Becky and I just got back from Italy. One of my sponsors – Molix – invited us over there for a week to talk fishing with Italian anglers and do a little product work. Guys, I’m telling you that fishing is on fire over there.
The bass part
As soon as we arrived I started doing seminars. The first thing I noticed was the crowds. Every seminar was packed, standing room only. And, it looked like everyone had a notepad and a recorder. It was as good, or better, than any seminar I’ve ever held here in the States. These guys really wanted to learn about bass fishing from an American perspective.
As I answered questions and talked to the anglers it became obvious to me that finesse fishing was the thing in Italy. They had a really good understanding of that aspect of our sport. The thing is, though, they all wanted to learn about power techniques so that’s mostly what we talked about. There’s no doubt in my mind that most of them will be catching bass with power techniques in the near future. They’re good anglers.
After a couple of days of talking we went fishing. Be advised that we don’t have anything on them when it comes to the quality of our fisheries. In one day I caught a ton of bass, including several that would be quality keepers in any lake or river in our country. They acted like our northern strain. I suspect that’s what they are although I wasn’t able to get any reliable scientific data to prove that.
Another thing I found out was that they have some of the same problems we have when it comes to the sport as a whole. Several years ago they had a serious downturn in participation. Thanks largely to hard work and a lot of positive publicity by the movers and shakers in the country things look like they’re turning around. Most of the guys and gals in the seminars looked like they were between 15 and 20 years old. That’s good. Young anglers are the future of all of fishing.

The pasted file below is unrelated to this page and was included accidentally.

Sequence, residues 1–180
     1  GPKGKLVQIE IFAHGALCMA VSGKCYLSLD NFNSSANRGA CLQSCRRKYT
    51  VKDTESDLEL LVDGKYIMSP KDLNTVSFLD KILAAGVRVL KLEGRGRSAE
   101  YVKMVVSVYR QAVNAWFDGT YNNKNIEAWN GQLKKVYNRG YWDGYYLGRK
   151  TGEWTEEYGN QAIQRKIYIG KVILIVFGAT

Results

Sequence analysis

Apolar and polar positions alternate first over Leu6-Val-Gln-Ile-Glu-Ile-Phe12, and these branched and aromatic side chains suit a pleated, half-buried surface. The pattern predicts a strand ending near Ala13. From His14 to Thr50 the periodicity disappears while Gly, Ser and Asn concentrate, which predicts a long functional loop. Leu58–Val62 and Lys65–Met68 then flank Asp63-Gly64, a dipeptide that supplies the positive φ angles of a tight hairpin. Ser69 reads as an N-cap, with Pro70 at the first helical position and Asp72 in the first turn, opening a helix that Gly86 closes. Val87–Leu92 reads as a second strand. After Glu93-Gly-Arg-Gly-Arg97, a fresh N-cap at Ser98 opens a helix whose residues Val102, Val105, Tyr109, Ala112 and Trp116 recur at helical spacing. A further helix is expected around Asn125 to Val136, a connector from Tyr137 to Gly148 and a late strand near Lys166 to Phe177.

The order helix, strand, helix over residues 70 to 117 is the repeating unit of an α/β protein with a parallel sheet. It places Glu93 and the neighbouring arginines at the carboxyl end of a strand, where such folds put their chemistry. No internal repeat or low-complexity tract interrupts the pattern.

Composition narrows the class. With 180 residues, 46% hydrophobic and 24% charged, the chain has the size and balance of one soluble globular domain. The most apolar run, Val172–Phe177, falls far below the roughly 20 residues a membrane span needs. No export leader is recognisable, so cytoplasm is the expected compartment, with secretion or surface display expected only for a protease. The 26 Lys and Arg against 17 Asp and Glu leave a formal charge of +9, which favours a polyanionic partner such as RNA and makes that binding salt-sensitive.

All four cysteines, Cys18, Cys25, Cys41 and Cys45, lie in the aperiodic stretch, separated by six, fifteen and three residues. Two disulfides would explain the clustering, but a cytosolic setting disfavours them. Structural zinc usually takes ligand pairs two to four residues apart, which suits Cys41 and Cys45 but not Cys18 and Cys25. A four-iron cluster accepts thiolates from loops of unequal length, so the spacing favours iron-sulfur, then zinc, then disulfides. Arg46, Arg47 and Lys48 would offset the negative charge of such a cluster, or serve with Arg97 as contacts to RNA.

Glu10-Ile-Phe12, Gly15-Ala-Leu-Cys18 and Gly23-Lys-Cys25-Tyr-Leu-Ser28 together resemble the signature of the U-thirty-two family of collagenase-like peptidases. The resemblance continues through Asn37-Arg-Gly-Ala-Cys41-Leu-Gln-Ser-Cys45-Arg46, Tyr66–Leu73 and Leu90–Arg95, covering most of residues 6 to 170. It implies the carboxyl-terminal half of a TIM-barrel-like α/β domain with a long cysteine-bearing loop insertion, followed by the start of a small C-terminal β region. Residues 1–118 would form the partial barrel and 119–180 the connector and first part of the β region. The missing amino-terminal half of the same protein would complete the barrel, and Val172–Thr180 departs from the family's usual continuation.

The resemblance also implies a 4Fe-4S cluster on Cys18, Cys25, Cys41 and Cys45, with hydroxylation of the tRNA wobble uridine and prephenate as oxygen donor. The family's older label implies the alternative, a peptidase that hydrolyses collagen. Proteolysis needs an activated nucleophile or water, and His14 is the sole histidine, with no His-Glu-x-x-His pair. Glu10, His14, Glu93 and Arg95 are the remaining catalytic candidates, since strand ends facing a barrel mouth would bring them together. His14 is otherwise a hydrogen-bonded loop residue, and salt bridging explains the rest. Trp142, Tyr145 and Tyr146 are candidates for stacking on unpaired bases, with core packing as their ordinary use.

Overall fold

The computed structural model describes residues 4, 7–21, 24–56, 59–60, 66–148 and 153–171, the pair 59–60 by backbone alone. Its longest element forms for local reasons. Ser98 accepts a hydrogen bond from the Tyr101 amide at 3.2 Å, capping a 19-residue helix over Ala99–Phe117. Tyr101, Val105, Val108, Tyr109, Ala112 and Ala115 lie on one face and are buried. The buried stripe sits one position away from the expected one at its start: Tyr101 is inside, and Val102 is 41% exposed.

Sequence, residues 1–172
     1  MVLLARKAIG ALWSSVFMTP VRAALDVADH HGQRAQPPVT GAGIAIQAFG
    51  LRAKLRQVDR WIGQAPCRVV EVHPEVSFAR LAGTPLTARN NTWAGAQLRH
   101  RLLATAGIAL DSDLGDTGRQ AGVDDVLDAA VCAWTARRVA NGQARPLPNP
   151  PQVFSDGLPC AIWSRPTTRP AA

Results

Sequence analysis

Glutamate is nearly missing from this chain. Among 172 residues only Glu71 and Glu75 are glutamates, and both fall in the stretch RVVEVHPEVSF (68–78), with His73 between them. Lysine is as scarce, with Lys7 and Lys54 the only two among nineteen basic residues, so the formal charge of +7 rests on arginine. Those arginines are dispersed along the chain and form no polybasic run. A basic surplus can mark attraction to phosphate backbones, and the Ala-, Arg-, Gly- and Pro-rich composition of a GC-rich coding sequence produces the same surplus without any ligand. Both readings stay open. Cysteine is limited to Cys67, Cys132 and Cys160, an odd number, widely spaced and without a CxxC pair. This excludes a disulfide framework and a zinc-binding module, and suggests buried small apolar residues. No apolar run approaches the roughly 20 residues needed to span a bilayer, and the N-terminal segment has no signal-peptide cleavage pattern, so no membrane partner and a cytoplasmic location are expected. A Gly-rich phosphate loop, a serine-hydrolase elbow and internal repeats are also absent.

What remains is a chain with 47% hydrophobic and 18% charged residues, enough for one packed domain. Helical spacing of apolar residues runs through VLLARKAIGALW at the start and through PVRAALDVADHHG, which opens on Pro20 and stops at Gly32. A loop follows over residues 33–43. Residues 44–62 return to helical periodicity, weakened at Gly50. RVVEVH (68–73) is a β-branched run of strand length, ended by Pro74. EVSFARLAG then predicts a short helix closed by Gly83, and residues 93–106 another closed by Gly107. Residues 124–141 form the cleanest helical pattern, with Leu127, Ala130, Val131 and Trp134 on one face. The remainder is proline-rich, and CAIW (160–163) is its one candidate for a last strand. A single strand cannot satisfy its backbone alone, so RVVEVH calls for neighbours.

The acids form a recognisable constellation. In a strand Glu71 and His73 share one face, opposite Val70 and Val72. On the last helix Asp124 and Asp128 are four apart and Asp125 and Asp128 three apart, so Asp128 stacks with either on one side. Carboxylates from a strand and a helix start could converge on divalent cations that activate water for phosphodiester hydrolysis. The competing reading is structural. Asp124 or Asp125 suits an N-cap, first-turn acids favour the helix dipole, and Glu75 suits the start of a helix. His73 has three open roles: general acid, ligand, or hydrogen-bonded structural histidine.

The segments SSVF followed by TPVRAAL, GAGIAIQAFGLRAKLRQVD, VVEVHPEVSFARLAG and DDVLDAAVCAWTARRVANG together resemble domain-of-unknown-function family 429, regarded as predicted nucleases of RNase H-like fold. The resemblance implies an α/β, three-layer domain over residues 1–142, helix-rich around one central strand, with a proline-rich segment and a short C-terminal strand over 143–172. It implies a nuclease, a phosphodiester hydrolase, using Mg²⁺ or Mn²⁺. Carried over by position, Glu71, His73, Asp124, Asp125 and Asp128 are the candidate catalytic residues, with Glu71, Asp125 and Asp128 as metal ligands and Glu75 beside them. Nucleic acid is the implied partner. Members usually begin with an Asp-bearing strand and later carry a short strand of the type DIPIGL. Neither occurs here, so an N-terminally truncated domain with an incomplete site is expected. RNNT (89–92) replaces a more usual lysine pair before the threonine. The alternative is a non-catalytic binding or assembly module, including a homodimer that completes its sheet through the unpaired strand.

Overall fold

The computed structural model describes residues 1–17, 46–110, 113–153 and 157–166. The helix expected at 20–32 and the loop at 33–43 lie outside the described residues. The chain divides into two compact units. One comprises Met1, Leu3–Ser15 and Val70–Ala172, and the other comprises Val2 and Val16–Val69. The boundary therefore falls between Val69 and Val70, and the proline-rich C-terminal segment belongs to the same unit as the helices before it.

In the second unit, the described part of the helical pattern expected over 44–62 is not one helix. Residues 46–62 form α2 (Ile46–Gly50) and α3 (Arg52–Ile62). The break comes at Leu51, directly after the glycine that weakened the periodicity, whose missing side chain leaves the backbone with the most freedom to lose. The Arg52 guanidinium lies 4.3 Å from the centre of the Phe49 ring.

The carp part
If you think bass fishing is technical and specialized, you have no idea! Carp anglers are serious men and women. They have specialty rods and reels, line, floats and hooks. But the real deal is their baits. That’s where it’s at with these anglers.
Their baits aren’t artificial and they’re not alive. They’re made from stuff — everything from special recipe doughs to dead animal parts that have rotted in the sun for days.
I’d give you more details if I could, but I can’t. Carp baits are top secret. You’d have a better chance of a Bassmaster Elite Series angler telling you what he’s fishing with when he’s in first place during the Classic than you would have of talking an Italian carp angler into giving you his recipe. (Some of them are actually passed down from one generation to the next orally because they fear a written document will be stolen.)
The whole experience proved to me that anglers are anglers and fish are fish regardless of where they’re at or what else is going on in the world.
The country part
The rest of Italy was super, too. The food was great, fresh and tasty, and the people are especially nice and courteous. It’s a wonderful country.
The most spectacular non-fishing thing we saw, though, was the ruins. I live on the outskirts of Philadelphia. Old to us is 200 or 300 years. In Italy they measure old by the thousands of years. How the people back then cut and carved that marble is something I’ll never understand. They worked hard, but it’s more than that. You can see the pride they took in their work everywhere. Maybe we should all think about that. The longevity speaks for itself.
Next week we’ll catch some fall bass.